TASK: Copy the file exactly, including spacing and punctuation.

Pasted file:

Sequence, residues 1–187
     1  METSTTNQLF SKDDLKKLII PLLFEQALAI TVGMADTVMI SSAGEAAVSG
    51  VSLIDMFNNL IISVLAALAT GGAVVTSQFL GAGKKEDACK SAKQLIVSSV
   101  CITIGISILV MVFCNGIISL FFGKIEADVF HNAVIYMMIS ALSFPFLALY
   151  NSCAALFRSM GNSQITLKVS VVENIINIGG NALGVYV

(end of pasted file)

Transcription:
Sequence, residues 1–187
     1  METSTTNQLF SKDDLKKLII PLLFEQALAI TVGMADTVMI SSAGEAAVSG
    51  VSLIDMFNNL IISVLAALAT GGAVVTSQFL GAGKKEDACK SAKQLIVSSV
   101  CITIGISILV MVFCNGIISL FFGKIEADVF HNAVIYMMIS ALSFPFLALY
   151  NSCAALFRSM GNSQITLKVS VVENIINIGG NALGVYV